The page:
Ophelia Arc’s “we’re just so glad you’re home” at 81 Leonard Gallery: Art Exhibition Review

“We’re just so glad you’re home.”

That’s the title of a new exhibition at 81 Leonard Gallery in New York City from multi-disciplinary artist Ophelia Arc, who’s currently pursuing her MFA at the Rhode Island School of Design, and though it took me a while to make it to the gallery, I was taken in from the moment I first read it.

Though just a part of the materials in Arc’s work on display, central to this snapshot of her practice is a series of textile pieces, some of which Arc gives three-dimensional form to the point of looking like living beings.

Standout example “neglected experimental animal I” (2023) doesn’t quite resemble animals we’re used to seeing, instead presenting a figure with clearly defined limbs and other bodily components, all of which connect to a crocheted cord (you might imagine an umbilical cord) leading to a web of sorts splayed on the adjacent wall, while the “experimental” creature itself rests on a pedestal that’s quite low to the ground.

Crocheting a Universe

Here and elsewhere, Arc prioritizes crochet to actually give things form. This particular piece resembles a child’s imaginary friend who was given real-world shape and now rests in the moment of its creation and original companionship, now frozen indefinitely.

The crocheting puts intricate, snaking, sometimes quivering lines (of yarn) at the center of the pieces utilizing the method, which by its form already starts amplifying the feeling that these pieces arise from somewhere personal, intimate, and drenched in emotion. The tone of the sculpturally slanted, crocheted strands feels like a beating heart as the patterns twist, curve, and grow into forms that somehow exist both in recognition and outside of it.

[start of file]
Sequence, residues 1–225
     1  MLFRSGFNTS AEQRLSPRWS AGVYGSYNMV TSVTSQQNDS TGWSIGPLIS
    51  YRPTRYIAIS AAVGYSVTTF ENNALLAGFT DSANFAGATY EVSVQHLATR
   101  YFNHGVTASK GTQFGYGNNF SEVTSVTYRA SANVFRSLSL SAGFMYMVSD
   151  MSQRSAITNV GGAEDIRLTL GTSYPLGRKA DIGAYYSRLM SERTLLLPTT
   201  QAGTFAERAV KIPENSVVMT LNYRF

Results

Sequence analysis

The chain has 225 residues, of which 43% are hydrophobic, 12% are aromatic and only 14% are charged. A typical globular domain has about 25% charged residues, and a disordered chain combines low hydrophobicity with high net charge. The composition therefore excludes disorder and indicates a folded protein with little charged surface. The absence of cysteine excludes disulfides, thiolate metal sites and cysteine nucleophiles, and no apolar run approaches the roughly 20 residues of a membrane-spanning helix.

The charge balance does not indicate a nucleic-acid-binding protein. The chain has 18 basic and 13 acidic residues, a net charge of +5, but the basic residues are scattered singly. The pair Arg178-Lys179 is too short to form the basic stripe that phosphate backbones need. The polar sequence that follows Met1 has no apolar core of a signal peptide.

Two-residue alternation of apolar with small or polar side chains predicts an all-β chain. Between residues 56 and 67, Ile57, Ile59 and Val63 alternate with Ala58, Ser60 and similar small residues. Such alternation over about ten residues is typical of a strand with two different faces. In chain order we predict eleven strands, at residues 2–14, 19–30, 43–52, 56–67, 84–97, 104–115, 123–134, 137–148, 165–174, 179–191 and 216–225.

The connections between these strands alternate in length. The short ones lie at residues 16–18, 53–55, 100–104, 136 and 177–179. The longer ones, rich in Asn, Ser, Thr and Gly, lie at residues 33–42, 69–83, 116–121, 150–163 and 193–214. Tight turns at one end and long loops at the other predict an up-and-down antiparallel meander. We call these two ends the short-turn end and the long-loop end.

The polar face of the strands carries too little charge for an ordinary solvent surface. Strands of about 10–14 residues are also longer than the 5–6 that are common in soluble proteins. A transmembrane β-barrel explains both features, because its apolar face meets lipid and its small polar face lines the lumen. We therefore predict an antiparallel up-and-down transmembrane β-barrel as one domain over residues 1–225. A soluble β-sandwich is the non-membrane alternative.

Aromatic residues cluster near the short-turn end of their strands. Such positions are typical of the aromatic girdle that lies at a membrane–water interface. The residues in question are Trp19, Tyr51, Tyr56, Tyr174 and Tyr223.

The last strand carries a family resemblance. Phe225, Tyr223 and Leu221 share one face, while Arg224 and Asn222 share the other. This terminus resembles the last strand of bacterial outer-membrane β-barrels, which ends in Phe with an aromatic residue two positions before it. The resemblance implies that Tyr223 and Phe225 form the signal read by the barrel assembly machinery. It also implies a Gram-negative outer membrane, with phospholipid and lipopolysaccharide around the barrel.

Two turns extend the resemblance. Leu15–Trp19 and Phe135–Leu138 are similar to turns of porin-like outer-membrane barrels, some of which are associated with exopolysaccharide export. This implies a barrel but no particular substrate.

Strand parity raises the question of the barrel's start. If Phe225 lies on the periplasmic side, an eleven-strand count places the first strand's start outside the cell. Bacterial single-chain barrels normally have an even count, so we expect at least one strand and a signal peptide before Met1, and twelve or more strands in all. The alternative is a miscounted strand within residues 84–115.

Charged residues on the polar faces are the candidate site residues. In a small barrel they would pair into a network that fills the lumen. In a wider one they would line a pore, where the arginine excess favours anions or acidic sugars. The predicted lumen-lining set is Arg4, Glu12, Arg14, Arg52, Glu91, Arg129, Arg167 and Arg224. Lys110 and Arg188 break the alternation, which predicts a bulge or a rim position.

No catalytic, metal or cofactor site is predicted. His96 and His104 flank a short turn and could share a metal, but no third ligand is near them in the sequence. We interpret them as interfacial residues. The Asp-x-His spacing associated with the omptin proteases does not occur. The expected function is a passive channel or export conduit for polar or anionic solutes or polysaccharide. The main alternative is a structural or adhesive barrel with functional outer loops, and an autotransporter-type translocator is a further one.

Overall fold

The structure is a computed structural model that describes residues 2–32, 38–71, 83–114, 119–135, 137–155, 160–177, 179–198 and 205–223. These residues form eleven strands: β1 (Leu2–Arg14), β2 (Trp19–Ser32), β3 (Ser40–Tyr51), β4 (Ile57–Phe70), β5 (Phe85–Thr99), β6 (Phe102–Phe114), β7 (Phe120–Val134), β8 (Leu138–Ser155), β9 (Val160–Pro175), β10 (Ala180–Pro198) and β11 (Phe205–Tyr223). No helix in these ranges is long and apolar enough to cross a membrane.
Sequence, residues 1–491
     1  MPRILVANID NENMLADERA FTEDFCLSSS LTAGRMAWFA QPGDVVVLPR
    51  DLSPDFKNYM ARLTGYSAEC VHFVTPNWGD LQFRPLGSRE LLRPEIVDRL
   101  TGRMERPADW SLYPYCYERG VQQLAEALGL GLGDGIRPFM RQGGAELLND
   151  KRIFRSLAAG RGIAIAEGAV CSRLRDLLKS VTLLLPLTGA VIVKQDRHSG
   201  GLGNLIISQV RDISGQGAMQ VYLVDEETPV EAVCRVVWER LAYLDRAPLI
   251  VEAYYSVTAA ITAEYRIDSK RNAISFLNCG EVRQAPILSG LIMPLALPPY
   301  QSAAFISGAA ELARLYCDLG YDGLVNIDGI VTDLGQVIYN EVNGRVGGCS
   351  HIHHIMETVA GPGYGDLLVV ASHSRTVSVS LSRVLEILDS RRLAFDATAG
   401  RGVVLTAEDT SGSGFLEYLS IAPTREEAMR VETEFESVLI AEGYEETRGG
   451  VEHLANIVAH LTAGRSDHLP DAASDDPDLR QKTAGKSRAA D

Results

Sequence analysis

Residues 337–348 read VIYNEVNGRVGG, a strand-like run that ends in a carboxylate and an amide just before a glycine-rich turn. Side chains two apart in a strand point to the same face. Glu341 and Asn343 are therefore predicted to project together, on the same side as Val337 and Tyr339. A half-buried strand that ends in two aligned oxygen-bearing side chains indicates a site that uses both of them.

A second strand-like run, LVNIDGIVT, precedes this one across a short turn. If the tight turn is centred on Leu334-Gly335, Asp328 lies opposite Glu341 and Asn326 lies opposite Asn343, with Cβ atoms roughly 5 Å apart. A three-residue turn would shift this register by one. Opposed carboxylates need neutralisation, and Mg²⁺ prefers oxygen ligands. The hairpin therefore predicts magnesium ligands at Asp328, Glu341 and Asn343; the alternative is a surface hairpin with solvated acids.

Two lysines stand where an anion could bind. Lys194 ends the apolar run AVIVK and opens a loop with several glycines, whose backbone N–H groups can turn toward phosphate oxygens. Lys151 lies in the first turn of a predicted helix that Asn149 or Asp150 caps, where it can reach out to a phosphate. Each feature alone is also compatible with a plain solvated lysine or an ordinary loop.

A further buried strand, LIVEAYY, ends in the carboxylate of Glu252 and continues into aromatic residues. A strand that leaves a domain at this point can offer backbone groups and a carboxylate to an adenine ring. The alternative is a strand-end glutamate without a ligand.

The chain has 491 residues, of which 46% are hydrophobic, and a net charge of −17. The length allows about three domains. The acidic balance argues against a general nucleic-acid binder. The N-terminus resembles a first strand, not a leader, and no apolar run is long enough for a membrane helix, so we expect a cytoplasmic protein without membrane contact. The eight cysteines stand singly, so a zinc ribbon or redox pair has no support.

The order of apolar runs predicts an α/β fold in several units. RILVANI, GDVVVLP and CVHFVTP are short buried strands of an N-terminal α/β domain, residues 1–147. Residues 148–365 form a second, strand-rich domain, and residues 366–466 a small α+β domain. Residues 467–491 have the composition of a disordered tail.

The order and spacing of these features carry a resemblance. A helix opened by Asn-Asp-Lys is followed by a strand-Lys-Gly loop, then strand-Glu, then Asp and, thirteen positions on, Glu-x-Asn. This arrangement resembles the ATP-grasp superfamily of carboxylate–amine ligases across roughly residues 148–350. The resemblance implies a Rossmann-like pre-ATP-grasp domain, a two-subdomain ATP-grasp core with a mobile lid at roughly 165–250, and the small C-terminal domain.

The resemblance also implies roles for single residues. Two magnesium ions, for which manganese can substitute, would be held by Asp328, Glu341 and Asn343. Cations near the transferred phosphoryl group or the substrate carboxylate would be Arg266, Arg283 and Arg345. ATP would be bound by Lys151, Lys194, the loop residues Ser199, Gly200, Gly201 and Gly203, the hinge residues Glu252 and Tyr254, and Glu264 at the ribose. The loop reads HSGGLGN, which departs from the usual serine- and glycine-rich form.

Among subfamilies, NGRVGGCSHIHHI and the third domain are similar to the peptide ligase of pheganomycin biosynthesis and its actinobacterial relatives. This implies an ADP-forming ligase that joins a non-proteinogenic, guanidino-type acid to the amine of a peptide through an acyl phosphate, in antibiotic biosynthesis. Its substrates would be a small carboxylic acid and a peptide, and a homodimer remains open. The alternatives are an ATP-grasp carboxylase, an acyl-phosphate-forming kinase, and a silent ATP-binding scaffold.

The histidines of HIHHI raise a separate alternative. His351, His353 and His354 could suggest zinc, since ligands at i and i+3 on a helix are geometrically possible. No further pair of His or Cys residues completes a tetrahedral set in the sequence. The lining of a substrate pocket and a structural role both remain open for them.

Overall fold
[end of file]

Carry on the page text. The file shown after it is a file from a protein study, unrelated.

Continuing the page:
Hanging piece “my second biggest hollow space” (2023) — whose materials list includes hand dyed yarn, thread, tulle, latex, dead bugs, ribbon, and a septum ring — features two figure-like components hanging separately but connected again by an umbilical cord-suggesting link, with the whole thing connecting in turn to the ceiling above. The figure-like components are bulbous, evoking in their form the free-flowing curvature of our actual human bodies.

Parts of the textile constructions that fit more loosely together leave space for imagined organs, as though cradling not a physical heart but the idea of it — the delicate power that we tend to associate with that actual bodily area and that, no matter the origin, drives us while carrying its own weight from embedded experiences.

Ophelia Arc, “my second biggest hollow space” (2023). Image courtesy of 81 Leonard Gallery.

Memory, Turned into Something Tangible

While walking through Arc’s exhibition, I was contemplating the strained intricacy of memory, which Arc’s pieces were moving towards with startling clarity. She presents a memory-world in which there are gaps and the entire environment seems constantly in motion in a manner perhaps only representable by these artfully assembled textiles.